Whether you’re riding a wave or paddling a cove, these are the best spots.
by Emily Debert & Nathan Bechtold
Wake sports demand just the right spot: quiet water without heavy boating traffic, so the boat driver delivers a perfect wake and the wakeboarder/surfer carves the waves undisturbed. If you’re looking for an expert in wake sports on Lake of the Ozarks, look no further than Blake the Wake. Yes, that’s actually what everyone calls him, and he shared his favorite wakeboarding spots across the Lake…
September is the Lake’s best-kept secret, especially for watersports. The coves are quiet, the water’s still warm, the weather is perfect, and you can ride ’til your legs are rubber. Cancel Friday, grab a board, and get out there!
Blake the Wake’s Hottest Wakeboarding Spots:
Long Cove – Long Cove is located on the Grand Glaize Arm at the 1 MM near the State Park. This cove is great for water sports in that there are no docks, no seawalls, and no bounce-back from wakes. A lot of people choose to wake board/surf here.
Girl Scout Cove – Girl Scout Cove is also located on the Grand Glaize Arm at the 1 MM near the State Park and is close to Parkview Bay Condos. This cove is one of the least busy coves on the weekends that is still good for water sports. One side of this cove has docks and seawalls, so though it isn’t as ideal as Long Cove, it makes for a good second best.
Party Cove – Party Cove is definitely the busiest on the weekends out of the cove on the Grand Glaize Arm. Located on the 5 MM, it has no docks, no seawalls, and a good depth for water sports.
LINN CREEK COVE
Linn Creek Cove is on the 31 MM. It’s quiet during the week and less busy than Possum Hollow on the weekends. This is where Blake learned to ski and wake board.
Possum Hollow – This cove is also known as “Fish & Co. Cove.” It’s on the 31 MM and at the “four corners” near Lovers Leap. Possum Hollow is only good for water sports during the week because people cove out on the weekends.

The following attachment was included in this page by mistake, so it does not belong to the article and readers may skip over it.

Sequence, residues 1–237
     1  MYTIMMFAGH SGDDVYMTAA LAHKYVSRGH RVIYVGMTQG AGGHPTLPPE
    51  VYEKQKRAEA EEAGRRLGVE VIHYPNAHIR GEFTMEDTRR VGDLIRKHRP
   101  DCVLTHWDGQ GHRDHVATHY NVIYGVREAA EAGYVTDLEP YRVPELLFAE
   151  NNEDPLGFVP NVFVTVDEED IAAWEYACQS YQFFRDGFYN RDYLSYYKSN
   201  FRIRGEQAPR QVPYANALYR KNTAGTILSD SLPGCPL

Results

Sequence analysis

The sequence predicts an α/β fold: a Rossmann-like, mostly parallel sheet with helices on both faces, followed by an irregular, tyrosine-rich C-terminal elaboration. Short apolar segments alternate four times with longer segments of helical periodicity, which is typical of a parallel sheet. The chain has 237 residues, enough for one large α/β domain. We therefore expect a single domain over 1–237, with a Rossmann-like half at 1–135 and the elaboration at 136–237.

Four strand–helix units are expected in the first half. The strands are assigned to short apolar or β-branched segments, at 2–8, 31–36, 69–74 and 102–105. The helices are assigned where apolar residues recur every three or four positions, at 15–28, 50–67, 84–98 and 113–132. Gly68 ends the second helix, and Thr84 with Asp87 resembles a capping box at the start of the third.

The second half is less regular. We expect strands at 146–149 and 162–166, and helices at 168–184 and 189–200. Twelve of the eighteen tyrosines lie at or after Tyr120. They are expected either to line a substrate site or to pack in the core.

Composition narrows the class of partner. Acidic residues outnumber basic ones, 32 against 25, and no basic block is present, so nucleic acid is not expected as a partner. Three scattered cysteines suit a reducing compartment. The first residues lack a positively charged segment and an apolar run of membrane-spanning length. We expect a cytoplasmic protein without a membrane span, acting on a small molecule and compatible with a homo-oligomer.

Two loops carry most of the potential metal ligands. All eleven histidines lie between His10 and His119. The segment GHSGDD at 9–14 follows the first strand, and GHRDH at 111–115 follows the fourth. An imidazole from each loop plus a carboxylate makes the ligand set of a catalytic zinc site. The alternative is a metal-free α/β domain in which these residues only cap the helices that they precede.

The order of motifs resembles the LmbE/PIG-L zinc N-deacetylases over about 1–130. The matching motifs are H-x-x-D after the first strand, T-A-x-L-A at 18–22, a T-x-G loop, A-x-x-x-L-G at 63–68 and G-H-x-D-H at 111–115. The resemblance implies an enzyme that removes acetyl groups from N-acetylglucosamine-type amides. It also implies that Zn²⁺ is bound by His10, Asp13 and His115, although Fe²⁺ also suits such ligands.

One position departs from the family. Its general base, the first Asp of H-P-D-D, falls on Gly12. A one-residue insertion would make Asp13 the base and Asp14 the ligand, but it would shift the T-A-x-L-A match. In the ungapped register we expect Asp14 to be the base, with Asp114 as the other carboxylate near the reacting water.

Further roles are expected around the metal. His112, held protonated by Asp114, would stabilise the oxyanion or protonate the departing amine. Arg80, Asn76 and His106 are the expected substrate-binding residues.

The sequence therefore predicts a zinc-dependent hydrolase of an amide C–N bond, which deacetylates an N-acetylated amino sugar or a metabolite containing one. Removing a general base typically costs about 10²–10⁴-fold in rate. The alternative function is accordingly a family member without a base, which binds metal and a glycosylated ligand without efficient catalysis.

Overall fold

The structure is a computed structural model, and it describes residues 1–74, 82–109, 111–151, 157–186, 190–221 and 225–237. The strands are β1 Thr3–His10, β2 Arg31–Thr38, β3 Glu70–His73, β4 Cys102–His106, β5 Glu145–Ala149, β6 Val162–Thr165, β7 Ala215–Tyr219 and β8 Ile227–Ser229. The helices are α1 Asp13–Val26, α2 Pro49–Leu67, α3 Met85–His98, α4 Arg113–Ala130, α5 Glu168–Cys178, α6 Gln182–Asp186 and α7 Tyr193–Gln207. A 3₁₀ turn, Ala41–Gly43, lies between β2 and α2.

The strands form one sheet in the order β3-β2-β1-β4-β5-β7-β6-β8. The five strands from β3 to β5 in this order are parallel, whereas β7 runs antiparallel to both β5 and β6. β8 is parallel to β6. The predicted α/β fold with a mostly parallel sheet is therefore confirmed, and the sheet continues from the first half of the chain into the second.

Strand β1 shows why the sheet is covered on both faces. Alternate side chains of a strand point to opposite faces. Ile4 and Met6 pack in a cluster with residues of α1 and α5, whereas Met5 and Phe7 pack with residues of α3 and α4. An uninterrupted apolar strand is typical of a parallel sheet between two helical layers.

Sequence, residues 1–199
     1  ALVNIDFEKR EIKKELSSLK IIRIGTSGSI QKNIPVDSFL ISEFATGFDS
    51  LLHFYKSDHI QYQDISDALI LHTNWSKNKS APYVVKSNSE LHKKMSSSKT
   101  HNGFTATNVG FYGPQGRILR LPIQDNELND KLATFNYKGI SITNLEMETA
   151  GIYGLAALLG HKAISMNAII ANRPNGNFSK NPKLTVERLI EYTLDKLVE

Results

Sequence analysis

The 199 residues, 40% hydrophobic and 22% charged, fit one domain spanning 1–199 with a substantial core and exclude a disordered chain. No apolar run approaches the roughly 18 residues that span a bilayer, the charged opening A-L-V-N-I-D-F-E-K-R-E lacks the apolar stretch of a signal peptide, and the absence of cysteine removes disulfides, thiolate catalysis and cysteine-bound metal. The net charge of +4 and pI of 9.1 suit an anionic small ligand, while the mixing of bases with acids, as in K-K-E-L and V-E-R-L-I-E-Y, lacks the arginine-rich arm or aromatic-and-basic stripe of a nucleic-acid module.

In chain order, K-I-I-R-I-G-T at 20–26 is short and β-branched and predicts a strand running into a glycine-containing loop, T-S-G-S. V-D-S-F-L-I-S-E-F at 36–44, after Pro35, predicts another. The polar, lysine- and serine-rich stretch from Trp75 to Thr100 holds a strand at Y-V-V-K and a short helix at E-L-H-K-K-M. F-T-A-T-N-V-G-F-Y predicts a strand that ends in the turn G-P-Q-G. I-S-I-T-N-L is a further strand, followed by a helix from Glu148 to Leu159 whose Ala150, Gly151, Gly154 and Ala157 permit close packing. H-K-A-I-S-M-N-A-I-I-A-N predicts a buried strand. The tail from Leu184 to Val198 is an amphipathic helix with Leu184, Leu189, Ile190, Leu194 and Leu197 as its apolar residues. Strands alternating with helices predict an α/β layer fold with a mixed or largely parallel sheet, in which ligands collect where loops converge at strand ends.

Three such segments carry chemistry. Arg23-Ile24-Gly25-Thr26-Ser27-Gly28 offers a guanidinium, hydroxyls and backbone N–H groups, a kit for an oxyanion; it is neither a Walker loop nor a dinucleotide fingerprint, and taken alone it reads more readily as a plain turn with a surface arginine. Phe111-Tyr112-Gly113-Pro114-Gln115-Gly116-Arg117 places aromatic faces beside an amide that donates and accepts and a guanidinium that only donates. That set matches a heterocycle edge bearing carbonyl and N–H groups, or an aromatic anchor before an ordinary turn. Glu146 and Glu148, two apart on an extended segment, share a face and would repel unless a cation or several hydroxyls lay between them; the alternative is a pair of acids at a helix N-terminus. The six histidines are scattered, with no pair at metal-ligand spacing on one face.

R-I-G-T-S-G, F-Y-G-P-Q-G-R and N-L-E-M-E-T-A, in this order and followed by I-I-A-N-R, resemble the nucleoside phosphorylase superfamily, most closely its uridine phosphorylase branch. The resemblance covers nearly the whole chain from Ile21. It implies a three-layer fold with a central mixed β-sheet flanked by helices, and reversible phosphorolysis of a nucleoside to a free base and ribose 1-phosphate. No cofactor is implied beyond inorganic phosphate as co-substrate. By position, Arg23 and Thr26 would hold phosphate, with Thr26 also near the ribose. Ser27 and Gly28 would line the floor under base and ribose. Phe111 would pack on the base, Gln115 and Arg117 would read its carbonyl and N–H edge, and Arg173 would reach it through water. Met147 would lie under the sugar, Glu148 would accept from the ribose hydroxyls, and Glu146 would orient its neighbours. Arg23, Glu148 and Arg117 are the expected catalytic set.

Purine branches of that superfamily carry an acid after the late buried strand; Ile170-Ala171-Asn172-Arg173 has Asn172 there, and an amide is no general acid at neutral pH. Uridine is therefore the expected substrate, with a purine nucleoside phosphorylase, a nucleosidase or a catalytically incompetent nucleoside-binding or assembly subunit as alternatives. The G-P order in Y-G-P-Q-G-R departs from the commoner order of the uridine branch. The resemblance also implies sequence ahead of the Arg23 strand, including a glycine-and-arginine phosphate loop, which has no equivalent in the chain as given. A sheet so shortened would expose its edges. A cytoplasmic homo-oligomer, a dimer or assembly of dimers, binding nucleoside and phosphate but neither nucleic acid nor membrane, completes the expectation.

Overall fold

The Gravois Arm is a pretty great location overall for water sports. Indian Creek Cove, Mill Creek Cove, and Boque Bay Cove are all prime spots during the week. The Gravois Arm has become more populated with boaters in recent years, so check to make sure you’re not rocking a cove-out if you head to a Gravois cove on the weekends.
Little Niangua River – There’s some great wakeboarding on the Little Niangua Arm: headed upstream where the Niangua Arm splits, go right onto the Little Niangua River. You’ve got a long way to run, and this part of the Lake is famously calm and quiet: perfect conditions for riding a wave.
Blake says: don’t wakeboard/surf on the main channel.
Paddlers need calm water too, but they have a distinct advantage over wakeboarders and wakesurfers: they can go pretty much anywhere. Narrow, shallow, winding coves that disappear into a creek are not only passable, sometimes they’re preferable! Paddling the Lake of the Ozarks can offer a slow-paced, serene escape from the workaday week, on your terms. Many boaters just enjoy a good paddle in their cove, but for those without a Lake house or who are looking for a little variety, here are a few spots on the Lake that are especially well-suited for paddle sports.